Still, there is truly a mercy deficit in the world today.

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  • Pompeo Adds Human Rights to Twelve Demands for Iran

    Appearing at a conservative think tank in Washington in May, US Secretary of State Mike Pompeo presented a list of twelve demands that Iran had to meet for the Trump administration to consider new negotiations with the Islamic Republic.

    The list covered a wide range of what the US calls Iran’s “malign activities,” from its continued enrichment of uranium—allowed in limited quantities by the nuclear deal President Donald Trump discarded—to its regional interventions and ballistic missile program.

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  • Hellyer Joins ABC to Discuss the Islamic Tradition and Human Rights

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  • Iran’s Deteriorating Human Rights Situation and Trump Administration Policies

    Iran’s human rights record continues to deteriorate but there are effective ways to advocate for improvement that include making demands as specific as possible and enlisting broad multilateral support.

    These were the main conclusions of a September 13 panel on the topic organized by the Atlantic Council’s Future of Iran Initiative.

    The system imposed in Iran since the 1979 Islamic revolution seeks a return to conservative social values through rigid interpretations of Islamic law. From women losing rights previously enshrined in a 1975 Family Protection Act, to intimidation and repression of civil society at large by the Islamic Revolutionary Guards Corps (IRGC) and the Judiciary, Iran has violated a wide spectrum of ethnic, social, and religious rights.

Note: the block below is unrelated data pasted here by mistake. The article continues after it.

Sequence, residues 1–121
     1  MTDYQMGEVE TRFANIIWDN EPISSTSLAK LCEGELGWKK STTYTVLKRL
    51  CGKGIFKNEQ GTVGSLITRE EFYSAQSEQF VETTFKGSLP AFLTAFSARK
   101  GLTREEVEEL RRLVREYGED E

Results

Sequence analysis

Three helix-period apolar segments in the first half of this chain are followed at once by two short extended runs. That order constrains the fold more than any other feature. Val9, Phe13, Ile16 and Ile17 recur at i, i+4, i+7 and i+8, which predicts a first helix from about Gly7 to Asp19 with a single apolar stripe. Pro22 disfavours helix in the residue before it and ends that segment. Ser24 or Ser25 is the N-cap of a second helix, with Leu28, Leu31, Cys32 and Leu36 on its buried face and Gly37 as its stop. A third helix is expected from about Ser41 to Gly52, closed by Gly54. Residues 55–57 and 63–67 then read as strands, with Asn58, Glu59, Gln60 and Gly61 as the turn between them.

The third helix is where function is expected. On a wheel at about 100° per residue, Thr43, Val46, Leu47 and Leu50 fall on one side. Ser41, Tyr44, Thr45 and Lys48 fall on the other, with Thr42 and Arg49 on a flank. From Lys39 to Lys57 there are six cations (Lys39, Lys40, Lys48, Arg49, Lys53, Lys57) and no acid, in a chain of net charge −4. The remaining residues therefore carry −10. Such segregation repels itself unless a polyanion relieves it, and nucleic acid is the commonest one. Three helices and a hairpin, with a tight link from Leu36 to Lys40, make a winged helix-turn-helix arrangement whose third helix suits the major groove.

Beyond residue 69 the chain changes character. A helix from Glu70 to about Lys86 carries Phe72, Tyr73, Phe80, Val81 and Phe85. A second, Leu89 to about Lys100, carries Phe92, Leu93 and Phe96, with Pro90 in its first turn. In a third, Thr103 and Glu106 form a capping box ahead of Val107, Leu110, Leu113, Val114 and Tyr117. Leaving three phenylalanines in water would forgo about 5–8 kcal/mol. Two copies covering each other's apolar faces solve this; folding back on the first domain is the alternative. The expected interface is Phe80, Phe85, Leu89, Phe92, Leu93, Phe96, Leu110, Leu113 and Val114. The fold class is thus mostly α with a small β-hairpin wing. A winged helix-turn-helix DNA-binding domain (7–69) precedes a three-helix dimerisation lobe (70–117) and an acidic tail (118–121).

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  • Discrimination and Past Due Payments: Some of the Problems Iranian Workers Face

    Since the December 2017 nationwide protests in Iran, there have been countless strikes and labor protests. During the months of June and July alone, railroad workers and truck drivers went on strike in over two dozen cities across the country. Unionization is banned in Iran and security forces constantly crack down on labor rights activists, quelling any ability for Iranian workers to voice their concerns about working conditions and government policies that impact their livelihood, especially since the economic situation will further worsen with the reimposition of US sanctions. Iranian activists are often the target of scrutiny by the Iranian government, and also face obstacles when gathering information.

    Due to these complications, Zamaneh Media—a Persian language media organization based in the Netherlands—has stepped in to monitor labor developments. This month they published “Labor Rights in Iran,” Zamaneh Media’s first bi-monthly report on the issue. The report...

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  • A Humanitarian Responsibility: End of US Support for Saudi-led Coalition in Yemen

    The Kingdom of Saudi Arabia (KSA) and its ally, the United Arab Emirates (UAE), pledged decisive victory when they went to war in March 2015 against Yemen’s Houthi rebels. The result has not been the Houthis’ defeat, but tens of thousands of deaths, a cholera epidemic and famine -- what the United Nations has deemed “the world’s worst humanitarian crisis.”

    One way to end the nightmare is for the United States to withdraw its support for the war, compel the Saudi-led coalition to accept a ceasefire and ensure a peace process that keeps millions more from unnecessary suffering.